As temperatures rise and we all realize going outside is terrible anyway, summer becomes the perfect time to binge on Netflix. But how many tricks do you know to improve your viewing experience? There’s a lot you can do to improve the binge-watching experience, if you know where to look.
Take Total Control Of Your Stream
Hate buffering? Sick of using the “Low” setting just so the next episode will start? While setting your video quality is pretty easy while watching, there’s a more granular option. On Windows, hit Ctrl+Alt+Shift+S, or hold down Shift and Option and left-click while a video is playing while viewing on a Mac, and you’ll open the Stream Manager. This lets you manually configure both the audio stream and the video stream separately, allowing you to bump it up to the highest bitrates when you have a great connection, and step it down when things are busier.
If that’s a bit too elaborate for you, or you never want to step it down, simply go to Netflix’s HD Toggle and you can automatically set a global video quality, no matter where you’re watching. And that’s not the only handy setting.
Turn Off Playing The Next Episode Automatically
If you want to savor each episode, or just find Netflix’s auto-skip of a show’s opening titles a distraction, you can also use the HD Toggle screen to disable that feature. Just uncheck the box and Netflix will ask you before booting up another episode. This is particularly useful with shows that have an opening bit before the credits, or if you’re trying not to fall asleep in the first season and wake up to spoilers in the third.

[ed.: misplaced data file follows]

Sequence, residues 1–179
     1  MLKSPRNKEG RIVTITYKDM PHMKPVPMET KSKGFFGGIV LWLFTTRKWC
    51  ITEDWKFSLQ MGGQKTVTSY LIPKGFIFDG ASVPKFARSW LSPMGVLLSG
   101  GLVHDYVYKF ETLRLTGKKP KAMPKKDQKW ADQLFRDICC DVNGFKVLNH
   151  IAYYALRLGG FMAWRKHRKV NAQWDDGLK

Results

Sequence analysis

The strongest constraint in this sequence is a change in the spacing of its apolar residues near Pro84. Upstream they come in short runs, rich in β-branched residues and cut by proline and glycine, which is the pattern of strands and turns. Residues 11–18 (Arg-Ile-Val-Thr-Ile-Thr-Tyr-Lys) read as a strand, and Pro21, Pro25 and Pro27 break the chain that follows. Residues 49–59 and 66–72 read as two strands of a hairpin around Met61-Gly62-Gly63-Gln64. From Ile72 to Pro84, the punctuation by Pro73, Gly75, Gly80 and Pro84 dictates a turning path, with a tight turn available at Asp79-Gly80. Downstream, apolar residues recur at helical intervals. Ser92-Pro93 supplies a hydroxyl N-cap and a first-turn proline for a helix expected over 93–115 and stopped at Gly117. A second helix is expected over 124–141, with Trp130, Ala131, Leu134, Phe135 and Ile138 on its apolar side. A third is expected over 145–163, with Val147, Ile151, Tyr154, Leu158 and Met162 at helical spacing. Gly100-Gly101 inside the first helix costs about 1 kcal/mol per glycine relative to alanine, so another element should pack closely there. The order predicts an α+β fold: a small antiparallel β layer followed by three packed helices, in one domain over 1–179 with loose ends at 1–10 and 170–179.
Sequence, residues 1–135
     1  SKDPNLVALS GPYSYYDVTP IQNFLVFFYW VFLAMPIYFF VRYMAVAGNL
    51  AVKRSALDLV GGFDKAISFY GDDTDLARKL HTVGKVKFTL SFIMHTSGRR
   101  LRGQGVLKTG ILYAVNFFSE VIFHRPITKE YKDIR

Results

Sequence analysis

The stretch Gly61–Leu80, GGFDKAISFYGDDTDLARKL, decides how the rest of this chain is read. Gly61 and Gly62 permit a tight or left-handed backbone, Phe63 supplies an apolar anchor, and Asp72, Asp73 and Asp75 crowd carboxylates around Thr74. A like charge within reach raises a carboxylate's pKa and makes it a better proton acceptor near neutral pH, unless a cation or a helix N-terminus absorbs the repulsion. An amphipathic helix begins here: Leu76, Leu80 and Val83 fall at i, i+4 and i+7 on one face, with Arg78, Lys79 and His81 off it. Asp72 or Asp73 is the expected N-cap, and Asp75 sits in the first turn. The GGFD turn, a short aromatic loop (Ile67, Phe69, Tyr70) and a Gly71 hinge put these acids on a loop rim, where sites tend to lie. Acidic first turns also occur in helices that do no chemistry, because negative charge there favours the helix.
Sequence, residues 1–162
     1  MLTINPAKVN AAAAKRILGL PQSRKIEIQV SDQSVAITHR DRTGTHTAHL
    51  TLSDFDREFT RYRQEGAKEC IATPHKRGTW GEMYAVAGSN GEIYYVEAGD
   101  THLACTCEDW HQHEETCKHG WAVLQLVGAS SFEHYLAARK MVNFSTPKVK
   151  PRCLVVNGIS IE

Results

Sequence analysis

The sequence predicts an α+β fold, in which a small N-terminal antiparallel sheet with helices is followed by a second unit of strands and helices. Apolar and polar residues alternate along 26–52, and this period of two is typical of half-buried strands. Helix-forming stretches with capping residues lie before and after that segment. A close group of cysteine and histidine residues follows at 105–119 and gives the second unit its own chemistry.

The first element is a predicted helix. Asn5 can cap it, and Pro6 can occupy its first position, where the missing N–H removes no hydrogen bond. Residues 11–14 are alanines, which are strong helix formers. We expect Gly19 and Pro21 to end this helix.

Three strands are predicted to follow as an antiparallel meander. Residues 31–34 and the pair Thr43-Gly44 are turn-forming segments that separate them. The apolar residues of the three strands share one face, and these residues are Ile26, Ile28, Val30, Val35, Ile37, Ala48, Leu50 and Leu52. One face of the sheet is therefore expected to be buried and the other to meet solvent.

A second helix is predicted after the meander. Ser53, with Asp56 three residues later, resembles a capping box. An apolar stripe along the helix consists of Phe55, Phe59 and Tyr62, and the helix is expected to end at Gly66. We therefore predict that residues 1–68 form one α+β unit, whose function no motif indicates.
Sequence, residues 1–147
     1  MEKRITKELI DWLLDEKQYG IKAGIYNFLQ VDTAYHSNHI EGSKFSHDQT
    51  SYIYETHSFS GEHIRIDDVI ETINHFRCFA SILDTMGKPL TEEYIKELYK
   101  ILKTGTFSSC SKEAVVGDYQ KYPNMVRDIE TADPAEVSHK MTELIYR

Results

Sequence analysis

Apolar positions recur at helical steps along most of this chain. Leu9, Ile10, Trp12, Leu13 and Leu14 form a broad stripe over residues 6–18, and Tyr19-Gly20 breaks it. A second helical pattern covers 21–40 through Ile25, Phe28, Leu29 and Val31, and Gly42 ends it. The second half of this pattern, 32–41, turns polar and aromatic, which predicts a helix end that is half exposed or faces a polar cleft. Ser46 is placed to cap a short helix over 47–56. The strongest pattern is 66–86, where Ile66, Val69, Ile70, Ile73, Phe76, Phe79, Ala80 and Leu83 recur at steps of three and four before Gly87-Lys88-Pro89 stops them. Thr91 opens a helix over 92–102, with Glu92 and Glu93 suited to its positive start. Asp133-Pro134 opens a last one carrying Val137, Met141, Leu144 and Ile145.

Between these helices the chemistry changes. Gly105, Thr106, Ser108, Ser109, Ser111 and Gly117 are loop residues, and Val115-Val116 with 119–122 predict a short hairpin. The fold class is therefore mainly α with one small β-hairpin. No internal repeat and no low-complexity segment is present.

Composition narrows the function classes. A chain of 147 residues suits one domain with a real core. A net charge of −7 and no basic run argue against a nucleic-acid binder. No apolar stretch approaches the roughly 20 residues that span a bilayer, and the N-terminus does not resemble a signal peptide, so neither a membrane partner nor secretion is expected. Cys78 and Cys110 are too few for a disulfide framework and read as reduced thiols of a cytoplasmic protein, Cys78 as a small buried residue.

Install The Netflix Enhancement Suite
Netflix’s recommendation engine and star ratings are relatively useful, and recent app upgrades have offered a nice touch where you can see how much of a “match” each movie is compared to stuff you’ve watched recently. But that’s still not enough for some people, and if you want more data on your Netflix selections, the Chrome extension Netflix Enhancement Suite adds all the data you could ever need.
The add-on places the IMDb score, the Rotten Tomatoes scores from both critics and audiences, and most usefully, the trailer over the Netflix rating. Clicking on any of them will redirect you to the web page for more information, perfect for those movies that might be hilariously bad or just dully bad, like Gigli. The trailers alone make it worth it just for settling arguments over which movie looks more fun to watch. Not on Chrome? Firefox has Netflix Plus.
Tweak The Subtitles To Your Liking
Are the accents too thick on Peaky Blinders? Do you like foreign movies, but hate the default white that blends into the background? There’s an entire hidden menu of subtitle options for you to play with that let you adjust subtitle color, size, background, and the color and style of drop shadow to make them stand out.
Keep The Netflix Bible Handy
Finally, if you’re tired of sorting through Netflix’s dizzyingly granular categories and just want to see one, you need the Netflix Bible. Some brave soul figured out the ID numbers for every Netfix genre code, all 20,000 (!) of them, and you can just search the page, type in what you’re looking for, and see what Netflix has to offer. Sadly this only works on the webpage, but if you’re looking for a very specific genre, or want to see just how narrow Netflix can really get, it’s a good resource. Happy streaming!